"The money is there, but who will put his money into something that doesn't have records? When you go outside this country, nobody wants to ask you if you know anybody in the Oil and Gas. The first thing they ask you is something like; do you know Omotola, do you know Genevieve? Because whether you like it or not, it's these that are the faces they use in identifying Nigeria. So, if we say we have a movie industry, why not lay a good structure for it? They are not harassing anybody; all they clamour for is for you to get a license as a stakeholder. That's how it's being done in other places. As a marketer or distributor, when you have your license, nobody disturbs you. And the fee is not too much at all."

Kunle Afolayan
Kunle Afolayan recently became a producer, and he decided to take his destiny into his hands by sending sales representatives out to market his movies, Irapada. Though, he had an office at the almighty Idumota market, Kunle still felt he needed extra marketing edge to sell. 'I think it's the way forward and we should embrace it. Those who shy away from it are actually greedy. Independent film makers will support that course because it's going to protect independent film makers'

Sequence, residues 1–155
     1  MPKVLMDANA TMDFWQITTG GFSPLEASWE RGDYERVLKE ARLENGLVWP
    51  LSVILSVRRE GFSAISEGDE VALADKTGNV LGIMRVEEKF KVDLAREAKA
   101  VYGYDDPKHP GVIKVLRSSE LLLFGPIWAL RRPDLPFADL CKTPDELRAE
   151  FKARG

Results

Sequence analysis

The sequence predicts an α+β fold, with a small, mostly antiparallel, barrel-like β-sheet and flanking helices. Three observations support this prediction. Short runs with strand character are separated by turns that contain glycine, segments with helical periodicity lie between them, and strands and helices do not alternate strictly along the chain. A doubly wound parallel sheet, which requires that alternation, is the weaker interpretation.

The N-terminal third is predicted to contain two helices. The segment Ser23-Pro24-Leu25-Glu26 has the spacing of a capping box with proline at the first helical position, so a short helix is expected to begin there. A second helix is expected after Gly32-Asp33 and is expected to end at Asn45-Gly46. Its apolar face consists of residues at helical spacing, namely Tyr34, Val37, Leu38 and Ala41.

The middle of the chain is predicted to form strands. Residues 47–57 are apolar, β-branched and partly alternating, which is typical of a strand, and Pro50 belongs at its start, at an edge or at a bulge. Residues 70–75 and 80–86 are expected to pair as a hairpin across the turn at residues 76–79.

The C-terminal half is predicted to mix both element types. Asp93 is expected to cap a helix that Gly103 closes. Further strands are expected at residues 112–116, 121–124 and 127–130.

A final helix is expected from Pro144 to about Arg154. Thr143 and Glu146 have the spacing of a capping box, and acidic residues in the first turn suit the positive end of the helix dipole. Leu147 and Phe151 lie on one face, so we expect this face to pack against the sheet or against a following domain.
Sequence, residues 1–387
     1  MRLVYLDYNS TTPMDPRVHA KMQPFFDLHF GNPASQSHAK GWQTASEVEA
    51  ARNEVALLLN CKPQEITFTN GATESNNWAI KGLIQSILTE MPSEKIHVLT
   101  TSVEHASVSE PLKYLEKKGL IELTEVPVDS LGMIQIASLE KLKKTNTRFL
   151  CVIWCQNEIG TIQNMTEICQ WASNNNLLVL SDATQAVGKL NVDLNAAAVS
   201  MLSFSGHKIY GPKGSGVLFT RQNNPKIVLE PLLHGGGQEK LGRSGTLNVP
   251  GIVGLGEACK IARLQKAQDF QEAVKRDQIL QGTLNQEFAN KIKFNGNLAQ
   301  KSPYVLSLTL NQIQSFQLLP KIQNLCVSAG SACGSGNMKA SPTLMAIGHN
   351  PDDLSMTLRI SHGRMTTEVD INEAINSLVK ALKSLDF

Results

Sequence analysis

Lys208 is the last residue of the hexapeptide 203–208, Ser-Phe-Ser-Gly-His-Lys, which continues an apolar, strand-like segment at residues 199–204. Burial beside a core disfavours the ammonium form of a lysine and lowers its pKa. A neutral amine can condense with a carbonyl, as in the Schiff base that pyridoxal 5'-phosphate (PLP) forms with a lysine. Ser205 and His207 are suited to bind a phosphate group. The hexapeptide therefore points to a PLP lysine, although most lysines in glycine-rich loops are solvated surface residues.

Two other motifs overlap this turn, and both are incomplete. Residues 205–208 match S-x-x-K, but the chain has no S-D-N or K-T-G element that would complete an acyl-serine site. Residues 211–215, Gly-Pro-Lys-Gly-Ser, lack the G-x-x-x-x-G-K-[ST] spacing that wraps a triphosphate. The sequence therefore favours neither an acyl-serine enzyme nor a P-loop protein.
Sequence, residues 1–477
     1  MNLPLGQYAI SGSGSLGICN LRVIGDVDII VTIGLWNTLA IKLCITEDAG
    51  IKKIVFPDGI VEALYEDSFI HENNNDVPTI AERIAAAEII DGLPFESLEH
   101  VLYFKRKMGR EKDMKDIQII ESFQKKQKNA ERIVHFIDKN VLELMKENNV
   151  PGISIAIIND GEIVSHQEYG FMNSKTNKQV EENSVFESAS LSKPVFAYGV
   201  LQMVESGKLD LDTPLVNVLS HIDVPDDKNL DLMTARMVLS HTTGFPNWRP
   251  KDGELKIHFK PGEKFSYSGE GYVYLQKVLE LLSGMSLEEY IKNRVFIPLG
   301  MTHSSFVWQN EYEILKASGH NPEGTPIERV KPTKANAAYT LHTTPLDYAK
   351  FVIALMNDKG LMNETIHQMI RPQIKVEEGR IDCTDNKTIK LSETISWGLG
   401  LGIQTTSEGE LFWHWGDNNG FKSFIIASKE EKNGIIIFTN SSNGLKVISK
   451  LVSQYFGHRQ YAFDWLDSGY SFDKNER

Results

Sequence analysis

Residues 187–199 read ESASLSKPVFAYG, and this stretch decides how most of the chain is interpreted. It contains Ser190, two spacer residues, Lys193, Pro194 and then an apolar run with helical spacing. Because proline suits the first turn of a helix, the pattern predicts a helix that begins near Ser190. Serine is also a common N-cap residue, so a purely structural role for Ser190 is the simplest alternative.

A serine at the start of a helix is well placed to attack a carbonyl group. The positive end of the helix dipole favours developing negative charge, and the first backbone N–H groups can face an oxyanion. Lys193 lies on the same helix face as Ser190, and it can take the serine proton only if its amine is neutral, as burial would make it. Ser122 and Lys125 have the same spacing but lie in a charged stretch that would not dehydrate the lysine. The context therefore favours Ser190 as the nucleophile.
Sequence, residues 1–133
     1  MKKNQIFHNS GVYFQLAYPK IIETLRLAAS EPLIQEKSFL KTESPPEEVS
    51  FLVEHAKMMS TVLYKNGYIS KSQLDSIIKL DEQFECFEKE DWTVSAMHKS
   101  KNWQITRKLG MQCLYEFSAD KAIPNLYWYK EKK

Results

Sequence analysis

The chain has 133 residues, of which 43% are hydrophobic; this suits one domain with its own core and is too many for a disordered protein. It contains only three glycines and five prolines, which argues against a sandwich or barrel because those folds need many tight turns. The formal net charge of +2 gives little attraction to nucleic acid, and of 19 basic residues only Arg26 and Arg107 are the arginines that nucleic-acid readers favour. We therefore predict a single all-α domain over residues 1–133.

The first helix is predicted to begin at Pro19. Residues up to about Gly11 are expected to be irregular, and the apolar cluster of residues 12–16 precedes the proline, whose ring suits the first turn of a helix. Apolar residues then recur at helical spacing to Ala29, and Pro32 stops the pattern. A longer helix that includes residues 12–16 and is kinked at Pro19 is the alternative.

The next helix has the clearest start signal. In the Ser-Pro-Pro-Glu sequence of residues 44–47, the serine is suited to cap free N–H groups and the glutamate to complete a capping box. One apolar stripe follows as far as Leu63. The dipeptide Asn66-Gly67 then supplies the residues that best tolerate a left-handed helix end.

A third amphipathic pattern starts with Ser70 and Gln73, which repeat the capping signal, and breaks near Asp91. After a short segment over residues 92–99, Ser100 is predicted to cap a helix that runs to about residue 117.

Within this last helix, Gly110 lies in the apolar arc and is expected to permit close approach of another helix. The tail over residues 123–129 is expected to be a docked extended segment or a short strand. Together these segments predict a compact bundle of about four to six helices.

Chris Egemsimba (Mega Movies)
Mega Movies, as Chris is popularly known, says he would not support the policy because the president of Association of Movie Marketers and his executives are not supporting the policy. 'If the policy is good, I don't think my president would go against it. But the reason we are against it is because it is not favourable to the union. We want the good of the union. We want our union to move forward; we have seen the future of what Emeka Mba is doing. Those fighting for it are against the success of our president' he says.

Charles Novia
But for Charles Novia, that is the only way to the top. 'I'm 100% in support of the NFVCB new distribution module. Nollywood needs a generic, modern distribution structure, far removed from the amorphous Idumota template which is obsolete in present day film business organogram. The marketers fighting against it have a myopic mindset. Progress-minded stakeholders are in support of this new plan. Opponents should remain in the dark ages.'